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This article in AJ

  1. Vol. 59 No. 5, p. 423-426
     
    Received: Mar 15, 1967
    Published: Sept, 1967


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doi:10.2134/agronj1967.00021962005900050013x

An Inheritance Study of Resistance to Maize Dwarf Mosaic Virus in Corn (Zea mays L)1

  1. P. J. Loesch and
  2. M. S. Zuber2

Abstract

Abstract

The inheritance of host response to maize dwarf mosaic virus was studied under natural field conditions. Inbred lines 38-11 (moderately resistant) and H55 (susceptible) and their F1, F2, BC1, and BC2 progenies were evaluated at two testing sites. Numerous variables, including the possible confounding effect of the presence of additional viruses inciting stunting in corn, prevented a valid classical Mendelian analysis. Genetic ratios proved meaningless due to substantial variation in disease scores even in true-breeding entries. However, resistance appeared to be partially dominant, and indirect evidence from other studies in Missouri indicate that (1) resistance is due to more than one gene, or (2) the host plants respond differentially to a heterogeneous virus population.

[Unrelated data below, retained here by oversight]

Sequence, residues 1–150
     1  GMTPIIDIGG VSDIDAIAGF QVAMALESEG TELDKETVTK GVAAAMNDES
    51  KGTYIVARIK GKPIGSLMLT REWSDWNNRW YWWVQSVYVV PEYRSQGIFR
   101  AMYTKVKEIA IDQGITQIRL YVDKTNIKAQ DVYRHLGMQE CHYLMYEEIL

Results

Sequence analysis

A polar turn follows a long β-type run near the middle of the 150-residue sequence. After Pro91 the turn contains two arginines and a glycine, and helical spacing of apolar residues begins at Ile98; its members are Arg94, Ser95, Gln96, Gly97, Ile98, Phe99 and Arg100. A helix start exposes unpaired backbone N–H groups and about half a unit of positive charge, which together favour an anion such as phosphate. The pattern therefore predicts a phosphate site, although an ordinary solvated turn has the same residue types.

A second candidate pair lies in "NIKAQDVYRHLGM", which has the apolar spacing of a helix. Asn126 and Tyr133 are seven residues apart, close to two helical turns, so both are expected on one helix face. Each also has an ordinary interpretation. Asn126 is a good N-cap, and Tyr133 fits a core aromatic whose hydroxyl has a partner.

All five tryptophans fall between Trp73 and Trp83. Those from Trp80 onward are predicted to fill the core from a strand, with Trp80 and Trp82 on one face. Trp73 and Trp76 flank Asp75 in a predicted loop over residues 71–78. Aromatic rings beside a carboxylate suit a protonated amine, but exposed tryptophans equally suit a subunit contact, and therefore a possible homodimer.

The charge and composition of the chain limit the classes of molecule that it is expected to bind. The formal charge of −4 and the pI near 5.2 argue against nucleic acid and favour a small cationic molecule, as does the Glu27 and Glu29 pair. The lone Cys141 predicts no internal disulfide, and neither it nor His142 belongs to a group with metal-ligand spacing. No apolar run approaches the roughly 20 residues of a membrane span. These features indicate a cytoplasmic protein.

Artificial inoculations of corn with pure isolates of maize dwarf mosaic virus are recommended for the determination of genetic ratios and gene numbers associated with resistance. But for experiments in the field in which the objectives are to determine the level of resistance and dominance relationships, diallel mating schemes employing F1 hybrids are recommended.

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